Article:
Divorced, the mother of two adult children, Cynthia left the rural community where she had lived for many years for life in the Boston area. Her journey taught her the benefits of living in shared housing, and she hasn’t looked back since!
Living Alone Wasn’t Working
At first she lived in a studio apartment by herself. It was a tiny apartment. She says, it was “so depressing, so isolating, so lonely. I came from a really active life with two children, an active business, dogs and cats. Living by myself was so quiet. It became harder and harder to go out and do stuff. The loneliness feeds on itself. I started to get really hard on myself, really down. I actually started eating frozen dinners. I’d never done that before. It’s just hard to cook for one person. I used to love inviting guests to my house and cooking meals. The apartment was tiny and I tried to keep it neat but within moments it would get disorganized since the same space served as my office, kitchen bedroom and bathroom and coat closet. It wasn’t a good place for having friends visit.
Recognizing that living alone wasn’t working for her, Cynthia gave up the apartment after a year and took care of a friend’s house for three months. At the end of that period, she turned to craigslist to find a situation with housemates.
Finding a Housemate
She responded to an ad that attracted her. This home owner was an older person, it was in a good location and the way it was described as a co-op sounded interesting. There was parking and the rent was affordable, quite a lot less than the studio and had the advantage of offering the use of the whole house. When she showed up for the interview the people in the house were eating polenta pizza. Immediately she felt comfortable. The room available for her was the size of her former apartment. Cynthia took it right away and has been living there very happily for a year. She says, ““It’s so much fun!….sometimes we just sit around with tea and talk for hours.”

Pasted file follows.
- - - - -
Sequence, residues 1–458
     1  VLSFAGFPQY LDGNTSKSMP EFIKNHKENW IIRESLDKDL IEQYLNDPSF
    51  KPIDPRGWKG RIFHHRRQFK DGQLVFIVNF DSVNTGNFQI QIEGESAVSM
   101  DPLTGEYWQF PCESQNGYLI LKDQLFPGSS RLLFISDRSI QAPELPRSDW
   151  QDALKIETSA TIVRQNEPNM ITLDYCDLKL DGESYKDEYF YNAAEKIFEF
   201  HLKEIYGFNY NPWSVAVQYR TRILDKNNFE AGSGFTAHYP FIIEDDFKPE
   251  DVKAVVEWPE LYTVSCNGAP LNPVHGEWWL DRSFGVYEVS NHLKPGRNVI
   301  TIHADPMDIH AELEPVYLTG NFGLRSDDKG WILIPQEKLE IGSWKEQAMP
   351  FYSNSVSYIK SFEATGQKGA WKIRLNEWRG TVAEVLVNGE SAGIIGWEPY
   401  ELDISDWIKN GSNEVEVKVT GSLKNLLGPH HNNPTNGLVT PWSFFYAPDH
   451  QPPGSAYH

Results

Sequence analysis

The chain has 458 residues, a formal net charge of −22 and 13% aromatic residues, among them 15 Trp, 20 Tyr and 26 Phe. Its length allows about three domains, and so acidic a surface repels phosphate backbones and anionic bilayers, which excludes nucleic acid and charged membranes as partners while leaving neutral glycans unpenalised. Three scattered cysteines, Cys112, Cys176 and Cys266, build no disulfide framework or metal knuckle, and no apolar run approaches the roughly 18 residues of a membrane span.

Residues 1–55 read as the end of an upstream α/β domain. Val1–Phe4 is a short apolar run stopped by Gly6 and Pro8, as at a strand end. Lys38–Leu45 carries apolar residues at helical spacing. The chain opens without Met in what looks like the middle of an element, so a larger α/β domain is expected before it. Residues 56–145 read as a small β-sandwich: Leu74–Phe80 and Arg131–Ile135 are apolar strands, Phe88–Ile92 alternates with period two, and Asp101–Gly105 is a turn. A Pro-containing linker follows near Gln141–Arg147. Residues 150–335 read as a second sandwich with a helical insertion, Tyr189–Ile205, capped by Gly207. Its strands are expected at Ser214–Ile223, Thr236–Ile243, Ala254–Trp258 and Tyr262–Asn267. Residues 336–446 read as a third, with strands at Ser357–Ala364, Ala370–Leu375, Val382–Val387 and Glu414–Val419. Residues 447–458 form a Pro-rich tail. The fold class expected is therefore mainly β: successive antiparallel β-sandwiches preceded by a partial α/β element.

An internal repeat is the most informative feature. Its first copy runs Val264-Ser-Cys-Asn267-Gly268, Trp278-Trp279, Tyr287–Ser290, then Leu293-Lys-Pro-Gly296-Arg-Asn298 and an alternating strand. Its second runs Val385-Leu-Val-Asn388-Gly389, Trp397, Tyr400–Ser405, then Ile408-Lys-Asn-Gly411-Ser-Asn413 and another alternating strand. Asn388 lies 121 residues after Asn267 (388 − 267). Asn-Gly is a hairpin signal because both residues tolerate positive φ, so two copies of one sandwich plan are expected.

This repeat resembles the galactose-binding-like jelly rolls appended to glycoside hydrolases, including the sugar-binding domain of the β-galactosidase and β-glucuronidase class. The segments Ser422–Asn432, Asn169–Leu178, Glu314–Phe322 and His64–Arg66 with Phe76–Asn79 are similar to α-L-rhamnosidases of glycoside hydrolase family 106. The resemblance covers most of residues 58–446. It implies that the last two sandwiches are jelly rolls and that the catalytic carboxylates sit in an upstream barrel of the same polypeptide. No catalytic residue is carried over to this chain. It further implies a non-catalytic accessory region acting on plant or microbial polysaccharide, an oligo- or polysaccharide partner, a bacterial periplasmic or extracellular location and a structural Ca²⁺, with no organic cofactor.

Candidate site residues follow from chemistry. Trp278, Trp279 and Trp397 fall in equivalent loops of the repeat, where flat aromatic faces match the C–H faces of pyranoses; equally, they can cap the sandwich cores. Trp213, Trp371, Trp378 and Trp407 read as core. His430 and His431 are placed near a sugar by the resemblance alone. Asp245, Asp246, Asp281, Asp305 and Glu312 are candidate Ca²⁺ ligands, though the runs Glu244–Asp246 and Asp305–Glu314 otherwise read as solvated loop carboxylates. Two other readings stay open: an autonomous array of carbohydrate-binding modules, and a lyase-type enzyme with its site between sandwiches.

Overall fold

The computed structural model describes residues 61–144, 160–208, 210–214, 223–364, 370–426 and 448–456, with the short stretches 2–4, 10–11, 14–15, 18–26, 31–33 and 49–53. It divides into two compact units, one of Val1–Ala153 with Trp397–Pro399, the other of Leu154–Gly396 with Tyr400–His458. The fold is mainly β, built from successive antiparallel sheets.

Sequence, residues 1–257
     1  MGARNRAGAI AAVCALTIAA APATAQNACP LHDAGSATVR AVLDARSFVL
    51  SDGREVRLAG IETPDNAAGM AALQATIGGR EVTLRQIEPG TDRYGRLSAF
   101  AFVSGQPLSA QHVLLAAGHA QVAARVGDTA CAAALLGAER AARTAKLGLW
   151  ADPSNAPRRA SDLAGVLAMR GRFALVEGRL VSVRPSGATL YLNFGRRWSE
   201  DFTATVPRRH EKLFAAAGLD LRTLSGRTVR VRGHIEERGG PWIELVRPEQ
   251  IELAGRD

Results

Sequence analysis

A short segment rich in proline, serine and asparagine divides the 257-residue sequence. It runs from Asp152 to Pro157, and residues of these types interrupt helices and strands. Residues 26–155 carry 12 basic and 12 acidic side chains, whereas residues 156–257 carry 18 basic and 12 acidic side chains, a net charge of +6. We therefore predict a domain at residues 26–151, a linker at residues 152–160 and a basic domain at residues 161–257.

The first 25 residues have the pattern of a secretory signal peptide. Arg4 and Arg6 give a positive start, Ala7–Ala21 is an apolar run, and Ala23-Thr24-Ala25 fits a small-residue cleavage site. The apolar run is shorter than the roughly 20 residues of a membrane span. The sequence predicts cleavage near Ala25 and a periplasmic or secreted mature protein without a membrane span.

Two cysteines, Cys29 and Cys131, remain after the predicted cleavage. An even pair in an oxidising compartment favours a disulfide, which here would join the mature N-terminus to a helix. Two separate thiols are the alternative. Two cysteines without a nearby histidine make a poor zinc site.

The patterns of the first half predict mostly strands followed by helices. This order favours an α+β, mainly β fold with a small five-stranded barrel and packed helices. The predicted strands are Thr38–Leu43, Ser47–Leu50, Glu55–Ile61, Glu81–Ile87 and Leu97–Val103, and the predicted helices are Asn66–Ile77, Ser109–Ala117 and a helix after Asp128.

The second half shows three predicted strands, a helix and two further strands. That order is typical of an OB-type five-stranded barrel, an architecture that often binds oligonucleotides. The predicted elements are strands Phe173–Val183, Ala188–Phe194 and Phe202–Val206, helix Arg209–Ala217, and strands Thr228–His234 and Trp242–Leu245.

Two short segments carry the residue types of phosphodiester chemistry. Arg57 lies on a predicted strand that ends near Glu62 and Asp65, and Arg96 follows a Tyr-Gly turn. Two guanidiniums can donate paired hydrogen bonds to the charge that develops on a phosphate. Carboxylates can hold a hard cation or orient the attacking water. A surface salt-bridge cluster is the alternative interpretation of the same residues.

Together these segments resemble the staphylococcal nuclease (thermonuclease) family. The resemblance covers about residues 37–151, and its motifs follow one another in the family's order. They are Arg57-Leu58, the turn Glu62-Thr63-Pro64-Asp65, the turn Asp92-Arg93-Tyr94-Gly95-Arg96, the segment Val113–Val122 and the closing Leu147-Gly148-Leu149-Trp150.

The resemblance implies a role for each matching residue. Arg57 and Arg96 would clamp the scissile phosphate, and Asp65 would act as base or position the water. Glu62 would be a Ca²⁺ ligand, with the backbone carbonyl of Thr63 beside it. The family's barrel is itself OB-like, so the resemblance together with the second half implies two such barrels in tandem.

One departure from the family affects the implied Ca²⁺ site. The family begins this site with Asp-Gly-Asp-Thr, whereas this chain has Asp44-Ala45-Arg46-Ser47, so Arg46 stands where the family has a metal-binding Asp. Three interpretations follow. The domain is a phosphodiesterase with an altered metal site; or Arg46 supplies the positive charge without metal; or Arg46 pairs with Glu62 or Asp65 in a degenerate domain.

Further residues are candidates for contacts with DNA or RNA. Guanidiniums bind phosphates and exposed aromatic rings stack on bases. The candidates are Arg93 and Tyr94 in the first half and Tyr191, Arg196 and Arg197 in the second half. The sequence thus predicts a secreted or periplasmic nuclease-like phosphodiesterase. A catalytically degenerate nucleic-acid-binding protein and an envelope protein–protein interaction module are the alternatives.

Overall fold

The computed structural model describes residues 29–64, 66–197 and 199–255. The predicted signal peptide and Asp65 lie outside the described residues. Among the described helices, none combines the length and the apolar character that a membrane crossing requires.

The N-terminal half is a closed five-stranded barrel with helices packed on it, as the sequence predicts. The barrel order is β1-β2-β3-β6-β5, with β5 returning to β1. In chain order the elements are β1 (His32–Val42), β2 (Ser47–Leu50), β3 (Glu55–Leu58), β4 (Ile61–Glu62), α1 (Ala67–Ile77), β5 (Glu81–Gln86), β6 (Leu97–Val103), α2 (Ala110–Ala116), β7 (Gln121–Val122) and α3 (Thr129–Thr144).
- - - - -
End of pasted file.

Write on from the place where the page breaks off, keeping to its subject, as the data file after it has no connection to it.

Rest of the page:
The homeowner is a woman in her early 60s who has owned the house for 30 years and has always had it as a cooperative house. The five bedroom house always has at least four people renting four bedrooms. There are two bathrooms. Most of the housemates are graduate students, often from overseas, with busy lives. Cynthia said at one point they had two couples in two of the rooms – that didn’t work out so well. It was just too many people.
How It Works
Cynthia and Harriotte eat together. Because Harriotte is blind, Cynthia does all the shopping for them. While everyone chips in for the staples, such as, milk, oil, cleaning supplies, bananas and bread, not too many of the housemates spend much time in the kitchen cooking. Each person has a shelf on the fridge.
When asked about house rules, Cynthia has to think about whether there are rules. The only iron-clad rules are the ones that are necessary to Harriotte’s safety: Don’t leaves knives out, put things away where they belong, leave paths clear, don’t move her stuff. Other than that communication is really important and Harriet interviews very carefully to make sure that only those who can and will communicate move in. There is a house cleaner.
Cynthia says, “We hang out in the evenings in the kitchen there’s lots of laughter, it is endlessly fascinating. We go out together sometimes. It’s like having a family. We check in with each other, we have a sense of belonging.”
Asked what she would say to you, the reader, “You don’t have to be alone just because you are single. I would never choose to live alone again. It’s not necessary! And just because you are sharing housing doesn’t mean you can’t be in a relationship. It’s true you can’t be as private, but it’s not as big a deal as I thought.”